1916-1923 Indian Power Plus Hemmings Motor News

13 Mar 2015 | Author: | Comments Off on 1916-1923 Indian Power Plus Hemmings Motor News
Indian Power Plus

The engine that changed American motorcycling

Feature Article from Hemmings Motor News

Indian Motorcycles survived for over 50 years by keeping a step ahead of the competition (chiefly Harley-Davidson) and remaining innovative. They could do this because George Hendee and Carl Hedstrom recruited some of the best engineering minds of that time who continued to keep Indian on the cutting edge of technology well after both founders had retired and moved on.

Two of these people were Charles Gustafson and Charles Bayley Johnson, and they played a direct role in the production of Indian’s Power Plus series of motorcycles.

Johnson was one of Indian’s factory racers and was part of the race team that finished first, 2nd, 3rd, 5th and 6th in the Isle of Man TT in 1911. He was later the frame designer for many Indian models, including the Power Plus in 1916. Johnson introduced the first semi-monocoque engine and transmission mated into the bike frame with this design first released in the Scout model.

Charles Gustafson was a mechanical engineer who had worked for the Reading Motorcycle Company in Pennsylvania. Gustafson based the Power Plus engine on the Hedstrom V-twin and his earlier work with a side-valve version of a Peugeot motor that he designed for Reading to invent the Indian 42-degree side-valve V-twin engine, a configuration that is still used today on most two-cylinder four-stroke motorcycles.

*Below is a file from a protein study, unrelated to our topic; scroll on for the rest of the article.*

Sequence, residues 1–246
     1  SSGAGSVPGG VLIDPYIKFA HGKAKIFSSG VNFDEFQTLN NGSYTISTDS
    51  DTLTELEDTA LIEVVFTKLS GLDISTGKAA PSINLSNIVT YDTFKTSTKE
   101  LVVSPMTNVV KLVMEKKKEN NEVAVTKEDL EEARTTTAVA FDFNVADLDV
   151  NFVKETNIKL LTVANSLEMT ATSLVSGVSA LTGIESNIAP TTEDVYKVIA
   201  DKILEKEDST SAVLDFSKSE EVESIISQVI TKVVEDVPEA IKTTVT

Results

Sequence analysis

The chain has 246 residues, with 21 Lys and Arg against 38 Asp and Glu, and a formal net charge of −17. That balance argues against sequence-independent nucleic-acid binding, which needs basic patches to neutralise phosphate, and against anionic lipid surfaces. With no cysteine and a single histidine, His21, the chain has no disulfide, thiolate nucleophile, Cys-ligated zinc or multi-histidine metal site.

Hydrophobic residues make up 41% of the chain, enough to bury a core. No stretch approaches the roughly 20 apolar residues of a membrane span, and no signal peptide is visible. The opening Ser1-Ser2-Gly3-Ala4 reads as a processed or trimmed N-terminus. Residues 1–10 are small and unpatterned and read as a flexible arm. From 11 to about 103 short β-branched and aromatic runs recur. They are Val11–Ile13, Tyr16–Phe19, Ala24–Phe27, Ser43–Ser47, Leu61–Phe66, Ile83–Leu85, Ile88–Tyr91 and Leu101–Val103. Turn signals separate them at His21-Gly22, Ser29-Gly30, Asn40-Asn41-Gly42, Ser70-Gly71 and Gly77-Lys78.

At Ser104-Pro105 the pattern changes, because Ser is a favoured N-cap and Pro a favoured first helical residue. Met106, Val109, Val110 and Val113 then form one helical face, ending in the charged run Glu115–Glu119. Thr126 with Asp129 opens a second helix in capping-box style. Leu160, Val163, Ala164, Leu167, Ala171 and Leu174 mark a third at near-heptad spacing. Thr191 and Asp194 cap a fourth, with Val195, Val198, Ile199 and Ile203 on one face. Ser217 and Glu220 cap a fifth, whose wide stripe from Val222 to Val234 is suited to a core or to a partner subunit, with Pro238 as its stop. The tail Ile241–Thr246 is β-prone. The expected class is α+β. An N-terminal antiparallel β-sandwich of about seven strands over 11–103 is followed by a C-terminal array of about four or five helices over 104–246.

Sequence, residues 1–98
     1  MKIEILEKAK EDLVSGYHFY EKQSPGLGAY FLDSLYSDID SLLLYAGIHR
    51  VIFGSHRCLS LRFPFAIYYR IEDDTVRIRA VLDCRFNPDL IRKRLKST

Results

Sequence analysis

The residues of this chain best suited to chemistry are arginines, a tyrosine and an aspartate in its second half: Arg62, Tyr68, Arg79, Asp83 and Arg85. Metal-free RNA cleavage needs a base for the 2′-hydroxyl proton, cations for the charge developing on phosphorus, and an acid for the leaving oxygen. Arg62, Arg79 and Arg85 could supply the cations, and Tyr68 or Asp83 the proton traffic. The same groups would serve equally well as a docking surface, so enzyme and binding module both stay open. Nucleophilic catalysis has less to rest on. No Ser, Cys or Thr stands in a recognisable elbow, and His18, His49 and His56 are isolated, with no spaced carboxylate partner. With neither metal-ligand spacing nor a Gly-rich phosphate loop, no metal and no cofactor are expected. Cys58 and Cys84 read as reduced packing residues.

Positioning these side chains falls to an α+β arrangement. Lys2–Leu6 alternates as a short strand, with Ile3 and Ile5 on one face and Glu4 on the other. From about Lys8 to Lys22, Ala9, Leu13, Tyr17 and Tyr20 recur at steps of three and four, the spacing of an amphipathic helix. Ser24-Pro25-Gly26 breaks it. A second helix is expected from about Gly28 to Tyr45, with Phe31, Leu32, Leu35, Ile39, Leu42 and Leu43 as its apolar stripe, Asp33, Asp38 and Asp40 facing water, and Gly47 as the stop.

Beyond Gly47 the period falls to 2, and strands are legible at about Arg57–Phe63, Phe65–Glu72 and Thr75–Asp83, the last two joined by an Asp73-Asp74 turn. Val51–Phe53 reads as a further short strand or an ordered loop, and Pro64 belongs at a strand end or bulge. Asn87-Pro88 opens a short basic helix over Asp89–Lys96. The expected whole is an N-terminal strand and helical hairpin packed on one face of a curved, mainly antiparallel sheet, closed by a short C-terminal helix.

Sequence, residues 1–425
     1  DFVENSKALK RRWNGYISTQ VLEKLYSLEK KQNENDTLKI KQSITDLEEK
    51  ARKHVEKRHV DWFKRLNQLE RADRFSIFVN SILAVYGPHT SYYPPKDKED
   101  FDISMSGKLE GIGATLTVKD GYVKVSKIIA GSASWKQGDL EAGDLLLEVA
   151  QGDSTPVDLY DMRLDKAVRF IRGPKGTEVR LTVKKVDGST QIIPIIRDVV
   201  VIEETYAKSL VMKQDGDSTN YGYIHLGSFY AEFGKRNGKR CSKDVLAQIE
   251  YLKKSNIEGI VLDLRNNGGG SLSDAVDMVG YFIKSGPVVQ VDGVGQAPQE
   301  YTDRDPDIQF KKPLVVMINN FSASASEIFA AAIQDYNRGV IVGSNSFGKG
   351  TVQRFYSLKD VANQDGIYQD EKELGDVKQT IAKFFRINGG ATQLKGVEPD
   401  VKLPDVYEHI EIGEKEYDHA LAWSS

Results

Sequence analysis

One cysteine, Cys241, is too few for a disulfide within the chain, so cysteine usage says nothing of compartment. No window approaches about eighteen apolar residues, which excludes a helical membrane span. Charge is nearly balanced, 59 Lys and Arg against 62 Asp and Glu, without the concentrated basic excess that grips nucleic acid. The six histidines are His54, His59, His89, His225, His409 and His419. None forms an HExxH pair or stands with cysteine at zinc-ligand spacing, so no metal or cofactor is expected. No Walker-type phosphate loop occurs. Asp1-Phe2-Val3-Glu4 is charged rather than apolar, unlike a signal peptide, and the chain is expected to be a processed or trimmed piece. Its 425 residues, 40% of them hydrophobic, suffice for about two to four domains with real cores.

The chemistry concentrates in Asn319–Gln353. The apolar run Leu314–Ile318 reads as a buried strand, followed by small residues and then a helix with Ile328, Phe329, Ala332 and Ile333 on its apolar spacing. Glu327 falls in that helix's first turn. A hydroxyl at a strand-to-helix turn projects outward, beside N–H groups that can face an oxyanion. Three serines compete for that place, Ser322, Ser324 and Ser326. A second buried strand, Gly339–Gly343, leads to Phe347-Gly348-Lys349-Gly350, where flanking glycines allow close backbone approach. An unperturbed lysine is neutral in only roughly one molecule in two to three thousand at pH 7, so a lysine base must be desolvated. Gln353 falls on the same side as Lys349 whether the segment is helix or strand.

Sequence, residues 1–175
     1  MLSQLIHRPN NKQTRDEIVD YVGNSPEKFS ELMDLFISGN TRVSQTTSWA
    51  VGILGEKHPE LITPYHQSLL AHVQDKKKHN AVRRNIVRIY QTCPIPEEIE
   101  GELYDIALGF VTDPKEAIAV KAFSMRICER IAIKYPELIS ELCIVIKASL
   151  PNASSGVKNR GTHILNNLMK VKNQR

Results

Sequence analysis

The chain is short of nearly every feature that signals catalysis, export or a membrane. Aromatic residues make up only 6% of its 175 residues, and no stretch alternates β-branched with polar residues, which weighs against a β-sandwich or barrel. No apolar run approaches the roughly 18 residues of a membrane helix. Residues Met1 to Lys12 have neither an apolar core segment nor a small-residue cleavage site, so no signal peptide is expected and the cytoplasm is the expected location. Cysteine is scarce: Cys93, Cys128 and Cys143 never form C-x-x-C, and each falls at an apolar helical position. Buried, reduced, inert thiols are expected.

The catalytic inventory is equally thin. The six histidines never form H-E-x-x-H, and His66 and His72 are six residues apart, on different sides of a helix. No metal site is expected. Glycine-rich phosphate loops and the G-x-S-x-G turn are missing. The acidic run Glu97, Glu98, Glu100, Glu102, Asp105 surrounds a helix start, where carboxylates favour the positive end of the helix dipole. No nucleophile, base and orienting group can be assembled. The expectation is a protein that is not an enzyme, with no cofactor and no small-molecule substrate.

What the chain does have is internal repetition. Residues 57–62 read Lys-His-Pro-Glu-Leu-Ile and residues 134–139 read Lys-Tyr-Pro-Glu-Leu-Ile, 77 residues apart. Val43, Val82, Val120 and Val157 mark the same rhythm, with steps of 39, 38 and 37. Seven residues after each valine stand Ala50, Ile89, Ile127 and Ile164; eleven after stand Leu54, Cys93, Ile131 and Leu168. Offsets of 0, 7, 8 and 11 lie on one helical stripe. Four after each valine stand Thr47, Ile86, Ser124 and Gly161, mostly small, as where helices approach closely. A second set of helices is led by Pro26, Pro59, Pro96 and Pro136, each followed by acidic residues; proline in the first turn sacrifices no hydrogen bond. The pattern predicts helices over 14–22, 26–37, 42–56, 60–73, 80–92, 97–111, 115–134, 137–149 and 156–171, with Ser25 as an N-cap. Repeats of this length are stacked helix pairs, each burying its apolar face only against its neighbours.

All of the World War I motorcycles Indian produced used the Gustafson side-valve engine. A 1918 overhead-cam, four-valve version of the Power Plus was installed in a racing bike in 1920 and sped to over 120 MPH, setting a new speed record. The engines were equipped with Schebler carburetors and Dixie magnetos, and they produced between 15 and 18hp. Valves were opened by dual cams, and helical drive gears in the 1922 version of the engine replaced the chain-drive primary on the earlier models.

The Power Plus was eventually punched out to 74 cubic inches in 1923, leading the Chief to become the most popular touring motorcycle of its day.

Indian Power Plus
Indian Power Plus

Factory racers like Cannonball Baker proved the reliability of the Power Plus bikes by setting speed and distance records. In early 1916, Cannonball was sent to Australia to test the Power Plus engine and rode 1,027 miles in 24 hours.

The most famous speed record for the Power Plus did not occur until over 40 years after the bike was discontinued. Sixty-plus-year-old Burt Munro of Christchurch, New Zealand, set just about every speed record in New Zealand and Australia on his 1920 Scout before venturing to the Bonneville Salt Flats in 1962. There, he set the land speed record for under 1,000cc bikes in 1967 on his modified Scout with a 37-inch Power Plus engine overbored to 58-cubic inches (950cc).

Munro’s best one-way run was 190.07 MPH average speed with several points along the track where he was clocked at over 206 MPH.

The Power Plus has always done well in vintage motorcycle auctions. A 1916 Scout with sidecar was recently bid up to $23,000 but did not hit the reserve asked for. At the top of recent bidding prices was Steve McQueen’s beautifully restored 1920 model, which sold in 2006 for $130,000 at the Petersen Museum auction.

This article originally appeared in the May, 2010 issue of Hemmings Motor News.

Indian Power Plus
Indian Power Plus
Indian Power Plus
Indian Power Plus
Indian Power Plus
Indian Power Plus
Indian Power Plus

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